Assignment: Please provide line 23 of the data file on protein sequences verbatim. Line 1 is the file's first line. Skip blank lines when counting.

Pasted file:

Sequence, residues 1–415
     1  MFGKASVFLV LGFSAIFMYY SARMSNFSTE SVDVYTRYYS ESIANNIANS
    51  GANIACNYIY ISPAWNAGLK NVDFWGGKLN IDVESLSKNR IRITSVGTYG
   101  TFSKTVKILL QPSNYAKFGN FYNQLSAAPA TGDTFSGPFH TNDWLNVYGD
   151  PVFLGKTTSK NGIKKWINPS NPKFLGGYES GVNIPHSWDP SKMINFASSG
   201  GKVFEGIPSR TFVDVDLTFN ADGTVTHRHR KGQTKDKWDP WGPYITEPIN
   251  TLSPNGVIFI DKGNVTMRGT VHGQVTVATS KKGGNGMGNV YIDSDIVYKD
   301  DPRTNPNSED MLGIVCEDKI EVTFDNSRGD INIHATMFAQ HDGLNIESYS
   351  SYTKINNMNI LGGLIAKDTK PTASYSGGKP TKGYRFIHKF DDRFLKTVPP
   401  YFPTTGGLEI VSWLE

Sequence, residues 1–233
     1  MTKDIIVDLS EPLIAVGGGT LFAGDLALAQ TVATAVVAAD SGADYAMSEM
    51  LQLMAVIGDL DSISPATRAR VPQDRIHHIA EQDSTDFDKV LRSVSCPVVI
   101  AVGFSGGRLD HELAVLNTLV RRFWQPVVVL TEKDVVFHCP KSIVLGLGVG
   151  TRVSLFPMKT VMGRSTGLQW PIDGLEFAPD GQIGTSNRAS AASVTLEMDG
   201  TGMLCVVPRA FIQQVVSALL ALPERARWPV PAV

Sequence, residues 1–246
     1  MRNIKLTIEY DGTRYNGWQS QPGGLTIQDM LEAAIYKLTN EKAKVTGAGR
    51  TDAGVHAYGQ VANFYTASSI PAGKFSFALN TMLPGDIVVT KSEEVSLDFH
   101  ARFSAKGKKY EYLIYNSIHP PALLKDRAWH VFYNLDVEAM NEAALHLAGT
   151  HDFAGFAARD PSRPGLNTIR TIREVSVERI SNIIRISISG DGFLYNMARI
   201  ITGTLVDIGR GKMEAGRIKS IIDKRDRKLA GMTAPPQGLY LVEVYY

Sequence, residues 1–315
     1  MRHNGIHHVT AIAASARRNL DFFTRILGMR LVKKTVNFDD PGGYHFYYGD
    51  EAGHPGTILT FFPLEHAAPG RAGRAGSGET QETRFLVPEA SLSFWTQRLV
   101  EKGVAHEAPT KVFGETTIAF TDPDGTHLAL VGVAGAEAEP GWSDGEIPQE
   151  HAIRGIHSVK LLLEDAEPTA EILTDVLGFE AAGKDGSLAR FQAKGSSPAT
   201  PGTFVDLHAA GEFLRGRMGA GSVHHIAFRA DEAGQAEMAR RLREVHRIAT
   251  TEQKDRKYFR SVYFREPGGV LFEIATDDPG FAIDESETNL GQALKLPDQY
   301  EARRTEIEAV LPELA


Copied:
Sequence, residues 1–315